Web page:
A few months ago I got an email about a website called Access NewspaperARCHIVE, saying that libraries could signup for free access to historical newspapers, dating back to the 1700s.
Sweet. I'm always looking for good primary source resources, especially online ones (and especially-especially free ones), so I thought I'd check this out. The signup process was a bit odd, having to download and then fax in their signup form [pdf, 418 kb]. I didn't hear anything back from them for months, so one day I just tried their url again (from within the library) and it IP-authenticated me.
So, I took that as us being signed up, and I started playing. The database is neat, as all the newspapers in there are saved as PDF files (see the 7/29/1895 Sandusky Register). And some are older than I could find in our other available resources, so those are two great things in its favor. However, I did see some drawbacks:
- In-Library use only. And right on the authenticated homepage (the one patrons would see by logging in at the library) is a link to "Sign up for a home account." Which isn't expensive, but it's not free. It's just a little bit underhanded to give libraries a free account and then use that as a vehicle to sell to our patrons. So, I bypass this page and go right to the Browse page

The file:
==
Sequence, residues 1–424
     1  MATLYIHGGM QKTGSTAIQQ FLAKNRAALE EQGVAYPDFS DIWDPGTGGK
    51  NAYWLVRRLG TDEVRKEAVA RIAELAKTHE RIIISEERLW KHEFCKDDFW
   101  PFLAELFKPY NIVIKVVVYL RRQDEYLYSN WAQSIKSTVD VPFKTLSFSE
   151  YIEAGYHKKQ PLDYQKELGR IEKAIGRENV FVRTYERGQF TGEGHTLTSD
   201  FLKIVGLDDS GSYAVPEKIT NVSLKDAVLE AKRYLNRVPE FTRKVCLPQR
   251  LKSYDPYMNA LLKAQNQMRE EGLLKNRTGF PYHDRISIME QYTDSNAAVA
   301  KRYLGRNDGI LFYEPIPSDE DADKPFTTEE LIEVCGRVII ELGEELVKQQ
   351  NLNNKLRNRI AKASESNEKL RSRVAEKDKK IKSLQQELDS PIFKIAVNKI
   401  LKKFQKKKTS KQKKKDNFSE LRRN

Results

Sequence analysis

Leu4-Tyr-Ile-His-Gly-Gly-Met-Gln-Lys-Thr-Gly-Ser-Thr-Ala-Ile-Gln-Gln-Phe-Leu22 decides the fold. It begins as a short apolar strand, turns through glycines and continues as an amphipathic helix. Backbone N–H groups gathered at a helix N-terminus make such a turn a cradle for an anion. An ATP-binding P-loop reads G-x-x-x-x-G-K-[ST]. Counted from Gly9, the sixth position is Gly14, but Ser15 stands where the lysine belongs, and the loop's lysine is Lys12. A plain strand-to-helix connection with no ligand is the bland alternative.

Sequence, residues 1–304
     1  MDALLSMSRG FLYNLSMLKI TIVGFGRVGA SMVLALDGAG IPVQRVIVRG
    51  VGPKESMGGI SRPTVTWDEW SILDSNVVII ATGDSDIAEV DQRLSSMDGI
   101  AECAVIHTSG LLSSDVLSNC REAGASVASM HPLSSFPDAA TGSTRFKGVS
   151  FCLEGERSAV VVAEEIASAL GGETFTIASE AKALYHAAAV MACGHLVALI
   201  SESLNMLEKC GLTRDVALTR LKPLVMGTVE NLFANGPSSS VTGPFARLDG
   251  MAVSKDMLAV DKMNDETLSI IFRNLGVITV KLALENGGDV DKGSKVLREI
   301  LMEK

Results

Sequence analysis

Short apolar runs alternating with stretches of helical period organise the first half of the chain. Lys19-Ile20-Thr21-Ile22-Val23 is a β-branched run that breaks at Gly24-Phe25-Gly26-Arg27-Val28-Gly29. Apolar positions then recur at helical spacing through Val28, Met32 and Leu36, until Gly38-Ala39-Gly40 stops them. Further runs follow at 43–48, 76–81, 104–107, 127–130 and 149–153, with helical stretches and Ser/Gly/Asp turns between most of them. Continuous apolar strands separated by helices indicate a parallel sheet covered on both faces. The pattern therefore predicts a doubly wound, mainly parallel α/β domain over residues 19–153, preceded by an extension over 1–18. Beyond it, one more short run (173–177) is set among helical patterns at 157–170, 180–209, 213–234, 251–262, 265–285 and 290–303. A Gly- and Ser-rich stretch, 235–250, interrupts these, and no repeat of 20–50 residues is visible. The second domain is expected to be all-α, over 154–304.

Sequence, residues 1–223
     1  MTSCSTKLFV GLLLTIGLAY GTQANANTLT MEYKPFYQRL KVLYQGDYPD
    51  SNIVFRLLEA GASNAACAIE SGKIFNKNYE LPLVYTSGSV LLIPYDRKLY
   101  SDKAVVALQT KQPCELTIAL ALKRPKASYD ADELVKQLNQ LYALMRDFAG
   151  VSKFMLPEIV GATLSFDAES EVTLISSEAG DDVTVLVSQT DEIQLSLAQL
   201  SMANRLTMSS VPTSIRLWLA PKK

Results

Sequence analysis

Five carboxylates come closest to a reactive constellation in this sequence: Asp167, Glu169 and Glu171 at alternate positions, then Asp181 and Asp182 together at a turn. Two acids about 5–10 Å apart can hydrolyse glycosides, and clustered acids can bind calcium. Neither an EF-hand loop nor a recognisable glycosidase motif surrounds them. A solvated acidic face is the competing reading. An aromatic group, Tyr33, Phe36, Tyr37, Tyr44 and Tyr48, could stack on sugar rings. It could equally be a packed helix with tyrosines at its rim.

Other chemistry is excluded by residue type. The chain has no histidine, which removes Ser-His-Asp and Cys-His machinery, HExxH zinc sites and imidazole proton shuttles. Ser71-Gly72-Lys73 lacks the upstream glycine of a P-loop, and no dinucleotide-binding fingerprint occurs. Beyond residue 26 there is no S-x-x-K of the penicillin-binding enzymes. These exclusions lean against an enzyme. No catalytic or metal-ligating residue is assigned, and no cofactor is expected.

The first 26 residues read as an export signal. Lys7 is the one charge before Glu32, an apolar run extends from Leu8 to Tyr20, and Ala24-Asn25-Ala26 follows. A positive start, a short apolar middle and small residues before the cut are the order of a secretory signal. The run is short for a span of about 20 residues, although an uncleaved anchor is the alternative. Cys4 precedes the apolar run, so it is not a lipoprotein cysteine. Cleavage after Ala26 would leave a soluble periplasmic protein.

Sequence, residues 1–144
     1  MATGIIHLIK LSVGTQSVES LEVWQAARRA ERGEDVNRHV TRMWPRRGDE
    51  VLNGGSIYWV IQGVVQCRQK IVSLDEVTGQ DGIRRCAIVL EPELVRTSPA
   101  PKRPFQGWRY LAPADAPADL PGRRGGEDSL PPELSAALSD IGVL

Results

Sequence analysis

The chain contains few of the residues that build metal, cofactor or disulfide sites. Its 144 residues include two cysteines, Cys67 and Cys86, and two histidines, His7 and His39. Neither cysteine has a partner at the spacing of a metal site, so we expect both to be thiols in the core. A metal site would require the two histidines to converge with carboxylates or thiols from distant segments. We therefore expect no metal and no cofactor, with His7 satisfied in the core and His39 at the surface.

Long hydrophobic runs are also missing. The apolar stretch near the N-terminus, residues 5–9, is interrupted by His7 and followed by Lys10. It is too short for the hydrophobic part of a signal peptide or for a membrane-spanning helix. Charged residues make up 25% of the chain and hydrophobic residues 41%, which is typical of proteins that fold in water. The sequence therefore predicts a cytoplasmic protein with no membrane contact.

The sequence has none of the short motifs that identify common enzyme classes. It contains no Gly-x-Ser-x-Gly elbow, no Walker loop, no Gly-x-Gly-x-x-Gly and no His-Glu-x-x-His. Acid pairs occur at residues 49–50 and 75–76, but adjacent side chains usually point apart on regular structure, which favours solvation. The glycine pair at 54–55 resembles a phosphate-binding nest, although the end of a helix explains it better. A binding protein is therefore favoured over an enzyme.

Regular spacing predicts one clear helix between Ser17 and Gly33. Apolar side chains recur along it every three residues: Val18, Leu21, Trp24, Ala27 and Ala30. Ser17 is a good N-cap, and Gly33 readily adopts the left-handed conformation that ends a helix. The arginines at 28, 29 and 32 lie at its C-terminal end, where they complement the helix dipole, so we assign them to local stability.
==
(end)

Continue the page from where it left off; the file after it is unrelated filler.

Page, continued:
- No keyword searching. You can only browse by location, date, or newspaper title. Which will be fine for the "what happened on my birthday" questions, or if you were just looking up anything old in your area, but eliminates searching for a topic. And, the browse tool and the results listing are kind of clunky
- No Massachusetts Newspapers. Which is a pain, since I mainly serve Massachusetts patrons. So, I guess no local historical information for me
- Front pages only? For the papers I viewed, it wasn't the entire paper but just the front page. That's a pain
- Not high-quality scans. The newspapers are legible, both on screen and printed, but they are just a little bit too bitmapped. And they are images, rather than text-based, which means no copy/pasting
So, my overall verdict is this: it's an amazing resource for primary source newspapers, and it's free, so it's better than nothing. There are some drawbacks, but I am rarely completely satisfied anyway.
Something else I did like was they had a "Questions? Ask a Librarian" link. This is an email link to whatever email address you supplied on the signup form. Which is good, since my patrons using this will be able to write to me, instead of this company.